Carnegie Mellon University

Universal Values via Quality Literature

The group researched values that were common to all people and selected seven for emphasis: courage, loyalty, justice, respect, hope, honesty, and love. Adding an ethics focus to the already packed curriculum became their next question, and, as it turned out, the easiest one to answer. As teachers and parents, they made time each day to read aloud to the children. So with this focus, their ideas centered on children's literature. They began the search for examples of quality literature with ethical content, using the following criteria:

  • The children's books should accurately reflect diversity of culture and gender.
  • The values must be presented in a positive manner.
  • The characters should be people, not animals, in order to represent a fictional role model.
  • The selections must contain exceptional illustrations to help capture both auditory and visual learners.

The idea was to integrate Heartwood into existing curricula, especially reading, language arts and social studies. For each book, lesson cards were developed that initially asked the learners to draw on their own prior knowledge of the value before listening to the story. In making the literature selections, they were guided by author Margaret Hodges' advice that a good book touches the head and the heart. Books were chosen that enabled students to become emotionally involved in the story. Discussion questions were written that utilized critical thinking and problem solving. Hands-on, cooperative learning and group activities were developed that reinforced the selected attribute(s).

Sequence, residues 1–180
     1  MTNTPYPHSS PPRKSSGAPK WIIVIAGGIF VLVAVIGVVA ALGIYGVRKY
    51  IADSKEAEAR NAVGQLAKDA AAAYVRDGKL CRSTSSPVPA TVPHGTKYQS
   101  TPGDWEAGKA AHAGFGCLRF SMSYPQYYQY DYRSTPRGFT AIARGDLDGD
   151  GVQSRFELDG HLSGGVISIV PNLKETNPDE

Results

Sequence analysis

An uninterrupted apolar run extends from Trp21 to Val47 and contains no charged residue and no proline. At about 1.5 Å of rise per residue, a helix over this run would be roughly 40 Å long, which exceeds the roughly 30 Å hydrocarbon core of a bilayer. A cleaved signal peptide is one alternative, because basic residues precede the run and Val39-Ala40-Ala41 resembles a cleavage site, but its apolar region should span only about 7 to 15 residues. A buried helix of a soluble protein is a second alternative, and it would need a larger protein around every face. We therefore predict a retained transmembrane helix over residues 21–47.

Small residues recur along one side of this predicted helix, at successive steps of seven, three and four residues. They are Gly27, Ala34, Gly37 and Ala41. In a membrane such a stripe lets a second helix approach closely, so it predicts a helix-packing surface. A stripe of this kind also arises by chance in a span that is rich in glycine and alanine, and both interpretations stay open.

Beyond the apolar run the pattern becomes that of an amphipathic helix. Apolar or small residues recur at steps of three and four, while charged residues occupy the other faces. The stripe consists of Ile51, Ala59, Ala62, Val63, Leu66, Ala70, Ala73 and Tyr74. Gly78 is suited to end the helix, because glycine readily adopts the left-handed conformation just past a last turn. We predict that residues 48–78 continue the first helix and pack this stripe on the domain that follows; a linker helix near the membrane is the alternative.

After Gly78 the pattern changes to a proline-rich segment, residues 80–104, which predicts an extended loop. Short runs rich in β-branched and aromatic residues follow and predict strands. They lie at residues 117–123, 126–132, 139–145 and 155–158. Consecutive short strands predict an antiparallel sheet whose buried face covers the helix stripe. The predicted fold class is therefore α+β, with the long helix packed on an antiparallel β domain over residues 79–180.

For all lessons, children were asked to personally reflect on the value; this generally was incorporated into a journal writing activity. With each new story, the Heartwood team hoped that their understanding of the attributes would become clearer. A variety of interdisciplinary activities were also suggested that corresponded with the attribute and each book's content. For example, if a story's setting was in Japan, then students would locate this country on a world map. The transition from universal to private or personal values occurred within the extension. The final portion of the lesson card enabled students to connect and extend the attribute into the home through communication and projects that further developed the private margins of the values within the existing family structure. As students reflected upon and internalized these universal values, Ellie, Pat, Barb, and Patti believed that everyone within their own learning communities would be provided with the opportunity to communicate with one another as they developed the respect and trust necessary for caring for each other.

Curriculum Design